The book, then, is much as Moorman left it—a manuscript awaiting the painful but necessary molding into a final draft. Gone Sessions, who prepared the text for publication, seems aware of the resulting deficiencies but justifies the lack of remedial labor on the grounds of personal loyalty. “Don was an intensely proud scholar who would have been unhappy with any distortion of his work,” Sessions writes. “Our loyalty to him served as a constant sentinel as we undertook the privilege of ‘finishing’ his book” (xv).

Perhaps. On the other hand, all scholars accept the need for revising, and even the best writers understand the difference between overwriting and good writing, which often requires just another draft, perhaps with the help of a fine editor. Nor would most scholars willingly deny themselves the benefit of the views and findings of the last twenty years’ work on a topic.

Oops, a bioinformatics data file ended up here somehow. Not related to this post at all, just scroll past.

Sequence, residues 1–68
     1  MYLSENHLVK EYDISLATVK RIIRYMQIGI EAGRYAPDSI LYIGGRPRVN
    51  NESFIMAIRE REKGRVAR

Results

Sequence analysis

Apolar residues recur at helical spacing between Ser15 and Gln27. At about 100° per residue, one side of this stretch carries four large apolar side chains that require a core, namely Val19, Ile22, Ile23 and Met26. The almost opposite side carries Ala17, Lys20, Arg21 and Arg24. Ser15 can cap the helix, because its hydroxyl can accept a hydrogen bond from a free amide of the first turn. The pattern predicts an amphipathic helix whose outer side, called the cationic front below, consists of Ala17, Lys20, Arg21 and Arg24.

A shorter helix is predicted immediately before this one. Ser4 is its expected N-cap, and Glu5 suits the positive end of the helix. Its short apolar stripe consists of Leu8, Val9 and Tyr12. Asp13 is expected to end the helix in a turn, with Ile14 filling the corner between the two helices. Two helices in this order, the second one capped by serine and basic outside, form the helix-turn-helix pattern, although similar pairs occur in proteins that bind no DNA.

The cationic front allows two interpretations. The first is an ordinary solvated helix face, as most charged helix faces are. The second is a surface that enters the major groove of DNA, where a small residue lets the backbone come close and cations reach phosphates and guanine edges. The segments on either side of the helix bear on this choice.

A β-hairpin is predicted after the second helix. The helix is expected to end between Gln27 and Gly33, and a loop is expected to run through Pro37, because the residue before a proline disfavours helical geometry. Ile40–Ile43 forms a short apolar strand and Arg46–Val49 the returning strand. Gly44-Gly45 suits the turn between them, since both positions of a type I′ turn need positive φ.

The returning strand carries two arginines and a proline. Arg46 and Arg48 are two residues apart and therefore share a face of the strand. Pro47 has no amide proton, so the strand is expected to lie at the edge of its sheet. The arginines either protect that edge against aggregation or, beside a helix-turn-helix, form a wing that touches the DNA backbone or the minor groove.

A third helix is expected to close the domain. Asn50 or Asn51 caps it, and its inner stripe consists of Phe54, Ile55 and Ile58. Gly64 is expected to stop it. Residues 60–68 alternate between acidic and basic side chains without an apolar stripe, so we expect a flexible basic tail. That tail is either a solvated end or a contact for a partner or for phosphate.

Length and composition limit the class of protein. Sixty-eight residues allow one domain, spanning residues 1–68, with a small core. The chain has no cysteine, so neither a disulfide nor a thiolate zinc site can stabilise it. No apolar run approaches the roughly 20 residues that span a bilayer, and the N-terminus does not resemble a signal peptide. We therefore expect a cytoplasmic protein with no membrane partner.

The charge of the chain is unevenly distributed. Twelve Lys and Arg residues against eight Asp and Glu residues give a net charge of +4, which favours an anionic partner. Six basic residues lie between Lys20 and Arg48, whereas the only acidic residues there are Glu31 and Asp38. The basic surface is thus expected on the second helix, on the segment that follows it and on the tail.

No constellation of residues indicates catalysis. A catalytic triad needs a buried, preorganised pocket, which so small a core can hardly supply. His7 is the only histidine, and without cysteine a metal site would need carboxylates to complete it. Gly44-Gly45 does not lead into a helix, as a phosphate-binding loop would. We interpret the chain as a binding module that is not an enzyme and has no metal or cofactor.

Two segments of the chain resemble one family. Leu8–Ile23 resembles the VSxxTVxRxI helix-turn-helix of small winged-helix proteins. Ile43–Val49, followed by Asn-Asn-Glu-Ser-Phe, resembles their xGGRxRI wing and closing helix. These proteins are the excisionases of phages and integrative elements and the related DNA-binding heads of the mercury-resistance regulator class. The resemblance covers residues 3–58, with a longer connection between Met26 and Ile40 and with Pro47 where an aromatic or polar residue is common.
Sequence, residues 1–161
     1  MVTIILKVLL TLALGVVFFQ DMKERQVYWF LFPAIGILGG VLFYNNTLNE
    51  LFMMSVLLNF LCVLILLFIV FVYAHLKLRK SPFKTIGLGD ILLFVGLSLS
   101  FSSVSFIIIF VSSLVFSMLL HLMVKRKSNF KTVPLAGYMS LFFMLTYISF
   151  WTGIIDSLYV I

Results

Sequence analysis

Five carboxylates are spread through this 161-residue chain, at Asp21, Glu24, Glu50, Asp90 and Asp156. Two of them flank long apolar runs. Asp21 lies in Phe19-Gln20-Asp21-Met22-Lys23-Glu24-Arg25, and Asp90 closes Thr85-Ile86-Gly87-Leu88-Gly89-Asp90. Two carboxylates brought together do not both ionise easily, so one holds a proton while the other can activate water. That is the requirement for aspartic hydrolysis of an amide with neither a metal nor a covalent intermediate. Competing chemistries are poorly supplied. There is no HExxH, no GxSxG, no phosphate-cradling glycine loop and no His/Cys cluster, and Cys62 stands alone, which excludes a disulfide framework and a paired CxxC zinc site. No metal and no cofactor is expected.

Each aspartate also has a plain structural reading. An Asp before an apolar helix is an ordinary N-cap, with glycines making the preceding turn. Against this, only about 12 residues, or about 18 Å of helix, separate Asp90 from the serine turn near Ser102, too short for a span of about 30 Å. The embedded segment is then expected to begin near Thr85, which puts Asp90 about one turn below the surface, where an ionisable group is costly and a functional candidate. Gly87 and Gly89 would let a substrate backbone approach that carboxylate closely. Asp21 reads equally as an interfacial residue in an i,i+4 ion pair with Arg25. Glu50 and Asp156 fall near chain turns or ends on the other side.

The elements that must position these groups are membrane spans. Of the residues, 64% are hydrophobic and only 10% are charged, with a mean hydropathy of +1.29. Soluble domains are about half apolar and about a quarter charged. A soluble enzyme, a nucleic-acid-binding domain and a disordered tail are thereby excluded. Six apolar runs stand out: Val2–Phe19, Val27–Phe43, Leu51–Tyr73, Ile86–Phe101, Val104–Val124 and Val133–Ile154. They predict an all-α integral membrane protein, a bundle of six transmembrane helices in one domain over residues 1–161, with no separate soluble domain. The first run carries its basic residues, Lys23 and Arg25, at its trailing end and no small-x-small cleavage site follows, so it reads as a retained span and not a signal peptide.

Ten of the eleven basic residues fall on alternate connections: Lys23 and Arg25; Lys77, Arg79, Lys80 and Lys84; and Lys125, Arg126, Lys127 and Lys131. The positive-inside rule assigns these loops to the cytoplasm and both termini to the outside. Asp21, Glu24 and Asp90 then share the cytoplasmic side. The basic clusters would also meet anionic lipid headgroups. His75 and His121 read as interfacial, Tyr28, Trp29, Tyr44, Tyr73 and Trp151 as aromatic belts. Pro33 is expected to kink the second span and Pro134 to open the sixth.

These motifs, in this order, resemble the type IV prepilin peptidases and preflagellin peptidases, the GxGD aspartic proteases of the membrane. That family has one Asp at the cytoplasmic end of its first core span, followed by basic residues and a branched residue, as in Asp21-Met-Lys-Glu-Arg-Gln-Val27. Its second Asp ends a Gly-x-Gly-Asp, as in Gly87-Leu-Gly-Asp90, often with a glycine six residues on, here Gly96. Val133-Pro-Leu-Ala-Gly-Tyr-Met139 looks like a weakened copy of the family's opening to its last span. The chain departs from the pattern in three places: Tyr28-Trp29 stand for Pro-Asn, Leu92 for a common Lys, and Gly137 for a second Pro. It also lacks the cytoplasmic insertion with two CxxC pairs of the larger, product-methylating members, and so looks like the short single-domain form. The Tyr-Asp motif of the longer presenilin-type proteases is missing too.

A critic’s job is not to carp about what might have been, but to judge the product for what it tries to be. Given this reminder, Moorman’s book may be praised for its contribution as a posthumous and unfinished publication. It enlightens. Its judgments are often astute and almost unvaryingly balanced. It is often an enjoyable “read.” We learn. We are the better for having it.

About the author(s)

Ronald W. Walker is Senior Research Associate, Joseph Fielding Smith Institute of Church History, and Professor of History at Brigham Young University.